Frequently Asked Questions

How does a family go about exploring a L’Arche placement for a family member?

Families work with the Department of Developmental Services (DDS) to obtain a referral for their adult son or daughter over the age of 22 to explore whether L’Arche is the best fit for them.

How is the L’Arche program funded?
Our primary funding is through contracts with the Department of Developmental Services (DDS). We also receive funding from Social Security Disability benefits. The remainder of the funding is through fundraising efforts.

How are L’Arche assistants recruited?

The majority of L’Arche Boston North assistants are recent college graduates who want to spend a year or two working with adults with developmental disabilities in a faith based community. We also have a number of retirees and other adults who work as part time assistants.

How long must assistants commit to working with L’Arche?

A person coming to L’Arche Boston North is required to make a minimum commitment of one year. However, the first thirty days of a person’s time living in community, is set up as a time of discernment for both the community and the individual. If, at the end of thirty days, the individual or the community feels that it is not a good match, the person leaves without concern for the one year commitment. In addition, there is a 90 day introductory period. If at the end of 90 days (beyond the initial 30), the community feels that there are significant difficulties, a person may be asked to leave at that time.

What is the staff to core member ratio?

L’Arche Boston North operates on a 2:4 staff to core member ratio, with 3:4 and 1:1 depending on the needs in each home.

What is an ‘intellectual disability’?

The mission of L’Arche focuses on the needs of people with intellectual disabilities. Because there is no standard definition of this term, it is not possible here to give a common terminology for all countries of the world. According to the World Health Organization (WHO), an intellectual disability is defined as a greater than average limit on an individual’s mental capacity – this would limit how quickly a person can learn or remember new information, etc.

There are a wide variety of causes of intellectual disability, some of which are presently unknown. Genetic causes include Down syndrome, one of the most common disabilities. Sometimes, a disease like Rubella causes disability. Precise definitions and respectful terminology varies from country to country, but the important thing is to avoid pejorative terms and remember that whatever words are used, such a label can never convey the full richness and complexity of a person’s individual experience.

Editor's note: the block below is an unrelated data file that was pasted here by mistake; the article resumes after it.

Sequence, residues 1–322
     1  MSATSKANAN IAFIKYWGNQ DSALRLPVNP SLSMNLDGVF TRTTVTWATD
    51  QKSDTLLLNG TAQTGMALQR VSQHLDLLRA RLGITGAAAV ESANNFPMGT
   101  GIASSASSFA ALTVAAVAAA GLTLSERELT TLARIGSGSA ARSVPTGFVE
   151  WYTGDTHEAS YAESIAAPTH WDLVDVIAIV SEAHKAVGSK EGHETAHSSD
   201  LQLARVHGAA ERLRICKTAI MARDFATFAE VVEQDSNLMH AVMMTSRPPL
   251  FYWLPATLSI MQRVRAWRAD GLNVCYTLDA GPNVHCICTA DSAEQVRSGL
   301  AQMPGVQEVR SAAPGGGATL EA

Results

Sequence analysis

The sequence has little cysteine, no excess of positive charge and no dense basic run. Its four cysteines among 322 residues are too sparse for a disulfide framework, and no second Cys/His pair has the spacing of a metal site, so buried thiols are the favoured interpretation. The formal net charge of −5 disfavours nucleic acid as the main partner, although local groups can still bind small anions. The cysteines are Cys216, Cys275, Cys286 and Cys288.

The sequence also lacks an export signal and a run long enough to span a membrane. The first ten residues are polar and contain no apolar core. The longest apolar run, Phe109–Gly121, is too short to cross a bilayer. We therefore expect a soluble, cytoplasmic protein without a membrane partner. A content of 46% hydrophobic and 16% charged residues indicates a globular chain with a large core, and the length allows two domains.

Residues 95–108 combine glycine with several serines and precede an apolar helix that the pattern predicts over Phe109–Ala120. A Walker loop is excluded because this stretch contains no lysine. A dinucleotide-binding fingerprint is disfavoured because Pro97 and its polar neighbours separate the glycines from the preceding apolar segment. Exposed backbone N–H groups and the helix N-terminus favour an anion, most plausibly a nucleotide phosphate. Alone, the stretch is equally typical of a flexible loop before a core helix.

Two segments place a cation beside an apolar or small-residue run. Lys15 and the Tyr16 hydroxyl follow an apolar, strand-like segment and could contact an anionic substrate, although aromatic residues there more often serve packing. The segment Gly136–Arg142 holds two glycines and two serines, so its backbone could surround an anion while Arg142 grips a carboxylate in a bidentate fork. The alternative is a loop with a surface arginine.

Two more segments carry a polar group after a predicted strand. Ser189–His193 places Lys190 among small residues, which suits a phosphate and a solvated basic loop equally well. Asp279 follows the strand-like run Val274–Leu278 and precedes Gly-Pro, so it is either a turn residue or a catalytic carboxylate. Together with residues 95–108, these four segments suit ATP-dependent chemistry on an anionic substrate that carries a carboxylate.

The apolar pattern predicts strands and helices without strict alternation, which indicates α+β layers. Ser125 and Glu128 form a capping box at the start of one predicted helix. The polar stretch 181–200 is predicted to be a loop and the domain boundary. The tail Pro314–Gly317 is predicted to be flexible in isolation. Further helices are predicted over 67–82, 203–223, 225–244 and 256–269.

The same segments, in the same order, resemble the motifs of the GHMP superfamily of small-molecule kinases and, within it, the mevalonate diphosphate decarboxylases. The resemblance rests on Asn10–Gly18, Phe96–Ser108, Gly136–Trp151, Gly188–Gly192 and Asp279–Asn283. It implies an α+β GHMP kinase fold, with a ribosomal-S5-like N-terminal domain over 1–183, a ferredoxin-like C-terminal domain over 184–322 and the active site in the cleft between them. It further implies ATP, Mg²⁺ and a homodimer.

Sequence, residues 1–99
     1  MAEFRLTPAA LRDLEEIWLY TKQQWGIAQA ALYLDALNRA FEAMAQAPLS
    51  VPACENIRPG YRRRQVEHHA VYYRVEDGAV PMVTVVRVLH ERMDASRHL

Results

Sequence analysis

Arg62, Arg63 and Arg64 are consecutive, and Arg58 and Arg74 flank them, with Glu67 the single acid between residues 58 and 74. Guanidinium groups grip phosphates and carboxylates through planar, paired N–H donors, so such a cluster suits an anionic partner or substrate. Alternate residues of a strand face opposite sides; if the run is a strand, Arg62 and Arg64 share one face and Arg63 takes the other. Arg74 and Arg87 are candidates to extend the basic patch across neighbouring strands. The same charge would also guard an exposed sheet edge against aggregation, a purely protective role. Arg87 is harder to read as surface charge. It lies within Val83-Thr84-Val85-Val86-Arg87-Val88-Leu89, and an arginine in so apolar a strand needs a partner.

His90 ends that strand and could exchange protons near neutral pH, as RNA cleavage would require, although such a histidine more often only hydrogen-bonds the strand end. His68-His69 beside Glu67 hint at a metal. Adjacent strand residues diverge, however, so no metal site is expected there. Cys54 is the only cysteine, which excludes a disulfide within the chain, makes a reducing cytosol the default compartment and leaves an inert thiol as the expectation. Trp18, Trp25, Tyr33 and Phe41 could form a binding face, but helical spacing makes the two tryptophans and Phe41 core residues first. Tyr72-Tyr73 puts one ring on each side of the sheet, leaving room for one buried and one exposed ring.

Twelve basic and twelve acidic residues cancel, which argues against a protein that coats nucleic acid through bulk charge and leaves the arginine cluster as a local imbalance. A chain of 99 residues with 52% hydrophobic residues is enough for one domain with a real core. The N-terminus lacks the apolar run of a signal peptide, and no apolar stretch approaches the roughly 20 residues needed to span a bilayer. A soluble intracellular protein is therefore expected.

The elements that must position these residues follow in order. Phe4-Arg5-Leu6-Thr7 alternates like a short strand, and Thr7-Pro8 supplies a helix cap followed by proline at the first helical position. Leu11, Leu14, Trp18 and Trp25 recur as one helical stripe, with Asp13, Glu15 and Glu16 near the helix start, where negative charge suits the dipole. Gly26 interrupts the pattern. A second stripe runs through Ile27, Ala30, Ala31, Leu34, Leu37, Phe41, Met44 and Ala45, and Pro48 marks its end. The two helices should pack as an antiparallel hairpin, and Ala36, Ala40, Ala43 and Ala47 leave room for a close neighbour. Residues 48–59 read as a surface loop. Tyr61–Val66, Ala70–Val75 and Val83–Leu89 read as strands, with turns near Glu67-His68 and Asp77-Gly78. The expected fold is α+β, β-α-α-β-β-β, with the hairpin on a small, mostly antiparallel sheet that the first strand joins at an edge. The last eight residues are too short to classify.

What is meant by assistant?

People who have an intellectual disability need support in their everyday lives. In L’Arche, people who choose to share their life ‘assist’ them in a wide variety of tasks: cooking, household maintenance, medical or personal care, gardening… The term ‘assistant’ includes both volunteers and employees. The role can involve sharing the life of the home, working in a workshop or taking on leadership. People choose to get involved in community life, in various ways and for varying periods, and L’Arche welcomes them all. A lot of young people come just for a year with us, while others want to commit themselves for much longer.

Is L’Arche a religious organization?

Across all five continents, L’Arche promotes the well-being of each member, regardless of their faith, religious or philosophical tradition. Each community is founded in the context of a specific culture, and naturally the members come from that culture, bringing with them their beliefs and cultural background. Whether one is Christian, Hindu, Muslim or one of the many who stand outside the major faith traditions, the experience of living together leads to a better understanding of our common humanity, and the life-spirit that enables such a very diverse group of people to live in harmony together. Given L’Arche’s stated aim to help each person develop and fulfill their potential, the community is led naturally to respond to their needs, whether physical, intellectual, emotional, relational or spiritual.

What does ‘Larche Irenicon’ mean?

L’Arche, the French word for an ark, as in Noah’s Ark, was the name given to the original home created by Jean Vanier in Trosly-Breuil, France, where he began to live with Philippe Seux and Raphael Simi, two people with an intellectual disability. Subsequent houses founded in Trosly received individual names, although collectively they were all under the L’Arche umbrella. Other communities that started in France and elsewhere have followed suit, although those in India, founded in a Hindu context prefer to use the term Asha Niketan, meaning House of Welcome. Soon, all the L’Arche communities around the world decided to join together in the International Federation of L’Arche Communities, better known today as L’Arche International. This term has also commonly come to refer to the international structure set up to support the communities. Irenicon, used to recognize the L’Arche community in Haverhill, MA, means a message of peace.